DURING the First World War, shellshocked and wounded soldiers were taught embroidery as therapy. Bradford-born Louisa Pesel, a distinguished textile artist, helped them design and embroider what became known as the Khaki Alter Cloth. Originally used at services at the city’s Abram Peel hospital, it is now part of Bradford Cathedral’s collection of embroidered religious robes and altar cloths.

Now Louisa appears in A Single Theatre, the latest novel by Tracey Chevalier, who wrote international best-seller Girl With A Pearl Earring.

Born in 1870, Louisa was the eldest of five girls living at Oak Avenue, Manningham. She attended Bradford Girl’s Grammar School and studied textile design at the National Art Training School (later the Royal College of Art), under the direction of Lewis Foreman Day, a significant figure in the Arts and Crafts Movement who, in 1900, recommended she be appointed a designer at the Royal Hellenic School of Needlework and Lace in Athens. Louise quickly established herself there and was appointed Director until 1907.

In 1907 she returned to Bradford and helped set up the West Riding branch of the Needlework Association. In 1910 she was commissioned by the V&A Museum to produce samples of historic English embroidery stitches. By 1914 she was given an Award of Honour by the Worshipful Company of Broderers (the term broderers refers to early, usually male workers, in embroidery).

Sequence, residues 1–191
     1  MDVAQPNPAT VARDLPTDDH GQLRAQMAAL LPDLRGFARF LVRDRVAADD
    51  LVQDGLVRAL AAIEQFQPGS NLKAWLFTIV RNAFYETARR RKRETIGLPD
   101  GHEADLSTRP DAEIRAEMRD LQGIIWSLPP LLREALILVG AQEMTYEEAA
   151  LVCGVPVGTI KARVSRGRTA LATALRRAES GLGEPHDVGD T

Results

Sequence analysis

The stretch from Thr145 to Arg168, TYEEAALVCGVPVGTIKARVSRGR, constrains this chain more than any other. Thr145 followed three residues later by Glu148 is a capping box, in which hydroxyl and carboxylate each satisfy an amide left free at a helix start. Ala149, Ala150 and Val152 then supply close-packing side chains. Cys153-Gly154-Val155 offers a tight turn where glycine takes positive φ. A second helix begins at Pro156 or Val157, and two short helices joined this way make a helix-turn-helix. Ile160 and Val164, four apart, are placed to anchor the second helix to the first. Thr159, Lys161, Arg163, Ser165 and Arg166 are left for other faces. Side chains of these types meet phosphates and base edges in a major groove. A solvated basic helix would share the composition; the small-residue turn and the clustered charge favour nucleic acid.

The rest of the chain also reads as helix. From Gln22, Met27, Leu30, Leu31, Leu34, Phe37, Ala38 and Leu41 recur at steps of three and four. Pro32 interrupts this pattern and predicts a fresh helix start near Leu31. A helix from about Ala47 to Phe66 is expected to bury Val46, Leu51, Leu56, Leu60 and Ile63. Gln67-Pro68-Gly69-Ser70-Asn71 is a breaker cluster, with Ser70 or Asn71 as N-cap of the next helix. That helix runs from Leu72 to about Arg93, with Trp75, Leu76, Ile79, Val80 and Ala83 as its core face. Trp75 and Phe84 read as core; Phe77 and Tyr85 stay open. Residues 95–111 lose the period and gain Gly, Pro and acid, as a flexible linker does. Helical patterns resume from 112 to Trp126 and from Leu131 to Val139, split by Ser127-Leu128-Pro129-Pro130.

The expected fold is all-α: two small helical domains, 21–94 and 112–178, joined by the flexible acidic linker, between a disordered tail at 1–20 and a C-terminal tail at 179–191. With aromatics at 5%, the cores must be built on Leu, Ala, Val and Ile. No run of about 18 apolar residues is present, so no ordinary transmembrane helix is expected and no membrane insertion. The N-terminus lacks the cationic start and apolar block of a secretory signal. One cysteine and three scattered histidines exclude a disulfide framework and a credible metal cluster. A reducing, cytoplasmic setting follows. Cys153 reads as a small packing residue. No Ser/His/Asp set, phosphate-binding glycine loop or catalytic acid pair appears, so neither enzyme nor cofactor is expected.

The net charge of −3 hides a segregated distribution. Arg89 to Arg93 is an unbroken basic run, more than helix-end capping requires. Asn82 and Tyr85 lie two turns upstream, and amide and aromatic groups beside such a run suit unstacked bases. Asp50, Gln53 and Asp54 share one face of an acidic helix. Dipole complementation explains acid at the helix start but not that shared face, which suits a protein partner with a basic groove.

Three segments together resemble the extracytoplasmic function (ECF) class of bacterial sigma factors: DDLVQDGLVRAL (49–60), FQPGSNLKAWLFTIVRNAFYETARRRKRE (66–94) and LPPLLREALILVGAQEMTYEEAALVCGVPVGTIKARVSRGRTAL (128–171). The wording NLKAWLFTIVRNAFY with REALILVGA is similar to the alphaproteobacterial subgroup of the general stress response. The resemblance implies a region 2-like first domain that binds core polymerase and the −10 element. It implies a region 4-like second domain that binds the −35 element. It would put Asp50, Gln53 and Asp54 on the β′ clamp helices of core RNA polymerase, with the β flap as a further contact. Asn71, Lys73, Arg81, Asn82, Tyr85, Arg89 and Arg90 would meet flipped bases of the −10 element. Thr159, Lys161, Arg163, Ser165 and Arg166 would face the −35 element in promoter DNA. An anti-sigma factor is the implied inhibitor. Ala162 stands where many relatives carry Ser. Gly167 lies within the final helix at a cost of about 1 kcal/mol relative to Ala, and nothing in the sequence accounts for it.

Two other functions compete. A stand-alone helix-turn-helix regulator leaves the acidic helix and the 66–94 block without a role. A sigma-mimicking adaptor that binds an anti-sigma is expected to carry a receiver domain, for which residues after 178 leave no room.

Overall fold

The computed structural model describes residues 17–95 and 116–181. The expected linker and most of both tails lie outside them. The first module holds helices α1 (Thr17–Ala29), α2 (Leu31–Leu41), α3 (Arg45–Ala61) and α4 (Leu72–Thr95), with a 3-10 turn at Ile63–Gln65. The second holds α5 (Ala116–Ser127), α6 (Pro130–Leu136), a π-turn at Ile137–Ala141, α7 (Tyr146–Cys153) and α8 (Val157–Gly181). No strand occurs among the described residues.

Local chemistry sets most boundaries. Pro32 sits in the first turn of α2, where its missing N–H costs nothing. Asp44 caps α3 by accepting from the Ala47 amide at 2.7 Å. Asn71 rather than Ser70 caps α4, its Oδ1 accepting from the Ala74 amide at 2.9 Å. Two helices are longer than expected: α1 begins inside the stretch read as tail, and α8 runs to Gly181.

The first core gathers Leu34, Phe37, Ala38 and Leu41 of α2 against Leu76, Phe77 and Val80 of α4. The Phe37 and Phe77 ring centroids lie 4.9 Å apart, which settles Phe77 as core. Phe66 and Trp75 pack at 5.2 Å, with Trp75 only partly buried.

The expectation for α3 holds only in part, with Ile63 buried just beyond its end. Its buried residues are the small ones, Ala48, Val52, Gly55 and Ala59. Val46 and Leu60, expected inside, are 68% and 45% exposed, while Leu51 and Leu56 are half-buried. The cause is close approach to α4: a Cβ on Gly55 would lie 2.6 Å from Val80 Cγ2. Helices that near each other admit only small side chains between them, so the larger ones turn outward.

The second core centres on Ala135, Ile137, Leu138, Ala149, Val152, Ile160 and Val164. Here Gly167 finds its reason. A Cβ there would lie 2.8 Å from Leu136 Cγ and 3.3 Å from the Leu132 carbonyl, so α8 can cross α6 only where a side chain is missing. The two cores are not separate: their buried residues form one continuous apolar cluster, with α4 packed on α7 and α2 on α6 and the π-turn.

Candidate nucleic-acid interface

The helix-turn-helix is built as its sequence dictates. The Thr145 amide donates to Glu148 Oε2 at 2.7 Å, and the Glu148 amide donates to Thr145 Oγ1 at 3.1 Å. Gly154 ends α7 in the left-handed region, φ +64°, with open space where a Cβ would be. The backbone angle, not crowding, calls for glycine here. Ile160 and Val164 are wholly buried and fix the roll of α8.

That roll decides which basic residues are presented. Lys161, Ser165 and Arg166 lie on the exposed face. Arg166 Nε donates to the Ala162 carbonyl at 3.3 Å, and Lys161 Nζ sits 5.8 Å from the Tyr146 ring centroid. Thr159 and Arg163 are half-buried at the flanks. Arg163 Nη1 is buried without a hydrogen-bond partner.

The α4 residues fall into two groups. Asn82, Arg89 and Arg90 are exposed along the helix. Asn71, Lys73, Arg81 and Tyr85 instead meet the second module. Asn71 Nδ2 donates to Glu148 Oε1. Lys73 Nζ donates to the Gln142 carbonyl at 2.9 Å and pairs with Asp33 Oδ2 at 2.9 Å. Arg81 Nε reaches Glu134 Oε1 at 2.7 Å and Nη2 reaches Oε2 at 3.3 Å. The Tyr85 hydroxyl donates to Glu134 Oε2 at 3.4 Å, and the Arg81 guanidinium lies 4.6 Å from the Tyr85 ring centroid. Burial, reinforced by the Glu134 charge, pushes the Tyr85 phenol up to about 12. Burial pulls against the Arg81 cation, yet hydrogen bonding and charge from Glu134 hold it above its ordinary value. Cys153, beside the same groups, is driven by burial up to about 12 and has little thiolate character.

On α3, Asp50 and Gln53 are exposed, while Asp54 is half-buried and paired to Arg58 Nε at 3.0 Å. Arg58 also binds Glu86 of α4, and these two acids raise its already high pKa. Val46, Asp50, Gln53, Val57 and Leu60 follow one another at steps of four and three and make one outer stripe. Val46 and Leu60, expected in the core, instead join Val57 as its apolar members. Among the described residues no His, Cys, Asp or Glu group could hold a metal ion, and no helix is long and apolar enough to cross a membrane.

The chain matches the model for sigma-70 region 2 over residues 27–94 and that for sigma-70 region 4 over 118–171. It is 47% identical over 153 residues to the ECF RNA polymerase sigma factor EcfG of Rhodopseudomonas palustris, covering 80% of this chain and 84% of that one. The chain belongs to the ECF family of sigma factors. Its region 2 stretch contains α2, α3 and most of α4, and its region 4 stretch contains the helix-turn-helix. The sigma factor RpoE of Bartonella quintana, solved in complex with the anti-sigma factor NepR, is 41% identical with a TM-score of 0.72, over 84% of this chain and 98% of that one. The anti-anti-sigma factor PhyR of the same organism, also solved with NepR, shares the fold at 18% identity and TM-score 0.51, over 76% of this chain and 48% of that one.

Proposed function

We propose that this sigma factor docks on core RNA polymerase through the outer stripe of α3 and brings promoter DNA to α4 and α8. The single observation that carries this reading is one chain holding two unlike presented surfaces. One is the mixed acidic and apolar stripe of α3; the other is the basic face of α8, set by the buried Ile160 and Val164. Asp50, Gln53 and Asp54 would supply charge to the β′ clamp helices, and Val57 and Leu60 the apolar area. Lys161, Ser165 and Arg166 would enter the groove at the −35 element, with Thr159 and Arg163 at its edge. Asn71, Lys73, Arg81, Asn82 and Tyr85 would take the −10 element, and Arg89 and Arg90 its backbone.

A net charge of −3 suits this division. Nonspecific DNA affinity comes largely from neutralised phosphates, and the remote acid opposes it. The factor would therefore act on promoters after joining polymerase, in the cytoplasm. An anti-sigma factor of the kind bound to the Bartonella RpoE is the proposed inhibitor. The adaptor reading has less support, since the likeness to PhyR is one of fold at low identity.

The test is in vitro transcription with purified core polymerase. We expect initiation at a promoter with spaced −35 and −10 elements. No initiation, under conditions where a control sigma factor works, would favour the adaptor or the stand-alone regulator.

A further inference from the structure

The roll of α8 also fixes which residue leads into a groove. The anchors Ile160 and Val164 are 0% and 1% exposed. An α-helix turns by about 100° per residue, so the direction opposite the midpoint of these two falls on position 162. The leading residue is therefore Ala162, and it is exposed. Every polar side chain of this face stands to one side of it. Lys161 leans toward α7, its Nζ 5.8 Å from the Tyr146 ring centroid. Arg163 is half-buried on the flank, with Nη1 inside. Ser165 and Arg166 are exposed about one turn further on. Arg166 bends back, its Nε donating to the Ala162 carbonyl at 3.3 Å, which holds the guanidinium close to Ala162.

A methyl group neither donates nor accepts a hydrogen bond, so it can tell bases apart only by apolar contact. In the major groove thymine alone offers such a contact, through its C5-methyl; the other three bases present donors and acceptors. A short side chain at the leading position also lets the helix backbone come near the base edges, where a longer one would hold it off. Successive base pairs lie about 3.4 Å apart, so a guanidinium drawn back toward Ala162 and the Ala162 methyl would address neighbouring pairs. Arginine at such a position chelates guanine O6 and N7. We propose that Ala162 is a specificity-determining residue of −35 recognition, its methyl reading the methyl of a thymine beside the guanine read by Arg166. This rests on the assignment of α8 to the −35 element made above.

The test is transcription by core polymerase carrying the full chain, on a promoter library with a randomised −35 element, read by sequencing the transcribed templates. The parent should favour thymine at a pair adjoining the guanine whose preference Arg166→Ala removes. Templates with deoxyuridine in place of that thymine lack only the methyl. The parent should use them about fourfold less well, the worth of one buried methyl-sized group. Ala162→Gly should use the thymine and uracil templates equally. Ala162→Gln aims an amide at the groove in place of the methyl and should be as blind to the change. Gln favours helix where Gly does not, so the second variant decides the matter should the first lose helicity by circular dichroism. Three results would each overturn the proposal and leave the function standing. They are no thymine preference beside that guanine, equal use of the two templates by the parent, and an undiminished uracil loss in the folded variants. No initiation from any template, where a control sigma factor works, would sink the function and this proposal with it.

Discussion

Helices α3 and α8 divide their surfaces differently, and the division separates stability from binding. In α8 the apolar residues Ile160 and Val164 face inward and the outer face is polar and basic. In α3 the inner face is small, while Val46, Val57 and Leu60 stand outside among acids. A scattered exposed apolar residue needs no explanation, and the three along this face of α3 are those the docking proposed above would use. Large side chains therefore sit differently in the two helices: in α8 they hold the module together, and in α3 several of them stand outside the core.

During the First World War Louisa taught embroidery to Belgian refugees in Bradford and at the close of the war she was involved with the Bradford Khaki Handicrafts Club, established in 1918 to offer occupational therapy to soldiers, set up with the support of Abram Peel Neuro-Psychiatric Hospital. The club, based in Foster Square, had a restaurant, games room, and library. Louisa taught soldiers to embroider as therapeutic distraction from war trauma.

In 1920 Louisa was elected the first President of the Embroiderers’ Guild of England. She moved to Hampshire, teaching embroidery to the wives of unemployed men, and later to Winchester to work at the Cathedral, training a team to produce embroidered cushions and kneelers. Hundreds of volunteers worked on the project from 1931-36, producing 360 kneelers, 62 stall cushions, and 96 alms bags. In 1934 Queen Mary visited the Cathedral for a viewing. In 1938 Louisa was appointed Mistress of Broderers at Winchester Cathedral and her embroidered work is still in use today.

During the Second World War she organised embroidery kits sent to allied prisoners-of-war in Europe via the Red Cross. She wrote books on embroidery, travelled the world for inspiration, and after death in 1947 her textile collection was bequeathed to the University of Leeds. Now in the ULITA Archive of International Textiles, it consists of over 400 items.

In A Single Thread fictional character Violet Speedwell, a lonely single woman, is drawn to the company of embroiderers at Winchester Cathedral. She learns to cope as an independent woman and thrives under the guidance of the inspirational Louisa Pesel. Visit notjusthockney.info